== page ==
herald

Thursday 27 June 2019

Sky Blues' brilliance loses wow factor in competitive vacuum

DRAMA: Keegan and Connolly. Photo by Piaras Ó Mídheach/Sportsfile
DRAMA: Keegan and Connolly. Photo by Piaras Ó Mídheach/Sportsfile

What a difference three years makes. Back in 2015, when the champions of Leinster met the kingpins of Connacht, 164,197 fans flocked to Croke Park on consecutive weekends.

Dublin v Mayo - the most captivating football rivalry of the decade - was "the only gig in town," as Tommy Lyons might say, and not just because he has a foot in both camps.

That year's All-Ireland hurling final took place a day after the Dublin-Mayo semi-final replay. Even though Croker was again full for the small ball, the entire build-up to hurling's biggest day was eclipsed by talk of Diarmuid Connolly and Lee Keegan and all the intrigue that went with Connolly's various nightly trips to the CHC, CAC and DRA. There was enough drama to obliterate Netflix.

Last Saturday at GAA HQ, the best of Leinster and Connacht met again - and just 54,717 were there to see Dublin and Galway pursue a place in the All-Ireland final.

That constitutes a staggering drop in public interest for a semi-final involving the Dublin footballers, who have enticed over 80,000 to every one of their last-four encounters in an unbroken sequence starting in 2010. In other words, for nine games running, including that 2015 replay, Croker has been a virtual full-house for a Sky Blue semi.

Blasé

Why the alarming fall-off? Are the Dubs becoming blasé about their never-ending glory days? Were Galway wallets empty after all their hurling escapades? Had Tribal optimism disappeared after that Monaghan mauling? Have neutral supporters nodded off in the realisation that no one can stop this inevitable four-in-a-row coronation?

We reckon all of the above contributed to that one-third decrease, measured against last year's full-house against Tyrone.

After Saturday's nine-point cruise, Jim Gavin said he hadn't noticed the empty swathes of seating because he doesn't tend to look up during games.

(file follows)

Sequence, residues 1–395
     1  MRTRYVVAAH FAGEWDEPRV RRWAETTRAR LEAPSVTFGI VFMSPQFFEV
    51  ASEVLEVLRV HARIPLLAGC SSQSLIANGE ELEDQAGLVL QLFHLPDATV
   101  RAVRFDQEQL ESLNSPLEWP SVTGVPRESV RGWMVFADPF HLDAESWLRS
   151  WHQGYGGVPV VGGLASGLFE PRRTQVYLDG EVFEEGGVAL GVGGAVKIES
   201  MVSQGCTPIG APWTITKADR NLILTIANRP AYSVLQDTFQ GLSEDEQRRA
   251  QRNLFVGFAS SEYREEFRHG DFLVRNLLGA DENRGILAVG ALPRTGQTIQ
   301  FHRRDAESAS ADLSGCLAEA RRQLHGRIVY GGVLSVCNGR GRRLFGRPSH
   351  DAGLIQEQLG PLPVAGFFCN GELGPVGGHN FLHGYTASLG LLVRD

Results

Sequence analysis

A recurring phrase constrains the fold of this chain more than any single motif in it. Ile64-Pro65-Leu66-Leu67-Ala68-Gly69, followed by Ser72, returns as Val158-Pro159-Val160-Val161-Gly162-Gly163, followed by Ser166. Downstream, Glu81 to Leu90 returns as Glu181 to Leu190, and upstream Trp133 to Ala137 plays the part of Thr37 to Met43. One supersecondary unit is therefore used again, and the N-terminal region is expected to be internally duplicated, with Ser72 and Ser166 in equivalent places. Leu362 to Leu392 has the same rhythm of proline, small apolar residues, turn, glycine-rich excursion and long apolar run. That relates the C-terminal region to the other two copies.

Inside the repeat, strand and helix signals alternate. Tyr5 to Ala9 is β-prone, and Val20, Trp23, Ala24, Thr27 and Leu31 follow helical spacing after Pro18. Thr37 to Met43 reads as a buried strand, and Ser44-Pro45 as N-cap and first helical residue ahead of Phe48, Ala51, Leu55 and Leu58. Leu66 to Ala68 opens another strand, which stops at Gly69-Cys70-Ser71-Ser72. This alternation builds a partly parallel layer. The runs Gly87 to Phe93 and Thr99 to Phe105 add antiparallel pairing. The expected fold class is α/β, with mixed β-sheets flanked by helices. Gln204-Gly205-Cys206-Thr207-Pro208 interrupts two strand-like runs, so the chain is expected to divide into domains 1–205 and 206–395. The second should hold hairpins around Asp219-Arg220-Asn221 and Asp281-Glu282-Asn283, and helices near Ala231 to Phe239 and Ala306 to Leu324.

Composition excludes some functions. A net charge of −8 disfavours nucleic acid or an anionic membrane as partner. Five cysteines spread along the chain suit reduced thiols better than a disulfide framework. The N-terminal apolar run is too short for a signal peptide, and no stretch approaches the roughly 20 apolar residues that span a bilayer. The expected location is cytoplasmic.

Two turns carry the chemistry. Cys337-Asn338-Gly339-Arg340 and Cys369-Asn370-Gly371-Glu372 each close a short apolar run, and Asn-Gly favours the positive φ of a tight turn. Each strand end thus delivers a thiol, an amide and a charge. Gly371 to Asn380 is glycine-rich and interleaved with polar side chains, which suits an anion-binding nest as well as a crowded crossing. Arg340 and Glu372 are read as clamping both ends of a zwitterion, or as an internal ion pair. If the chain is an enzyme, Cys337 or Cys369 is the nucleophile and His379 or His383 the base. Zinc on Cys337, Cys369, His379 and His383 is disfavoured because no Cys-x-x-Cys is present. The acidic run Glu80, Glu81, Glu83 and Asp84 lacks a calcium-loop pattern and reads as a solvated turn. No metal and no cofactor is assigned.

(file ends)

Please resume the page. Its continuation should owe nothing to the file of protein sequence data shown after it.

"From what I could hear we'd some fantastic support there," the Dublin manager maintained.

"I thought the supporters really got behind the team again, no more so than recently up in Omagh or down in Salthill or Castlebar or Portlaoise."

And he's right to the extent that Dublin's diehard army have continued to follow their team in considerable numbers, right through the league and beyond. But Dublin attendances have been dropping in Leinster for several summers as that event lost any semblance of competitive intrigue, and now that trend has extended to the All-Ireland.

A drop-off was almost inevitable for the 'Super 8s', but last Saturday's crowd should be a real concern; not just for the bean-counters, but for all of us who live for full-house, end-of-season drama where the outcome is cloaked in doubt until the very end.

Here's the thing: you can't blame Dublin for being so consistent, so metronomic, so blindingly magnificent. But even brilliance loses its wow factor in a competitive vacuum, and the inevitability attached to almost all of their matches appears to have sapped the interest of everyone else.

That's why Mayo are now lamented (not just by Mayo folk) in their absence.

The other problem is the standard, not to mention style-of-play, favoured by all the rest bar Dublin. Sunday's 49,496 crowd for Tyrone-Monaghan was the first time since 2008 that a football semi-final attendance has dipped below 50,000. Notwithstanding Monaghan's small population, it was a disappointment, fostering the impression of a parochial bun-fight that energised the two counties involved and no one else.

Is this what the race for Sam has become?

Promoted articles

Entertainment News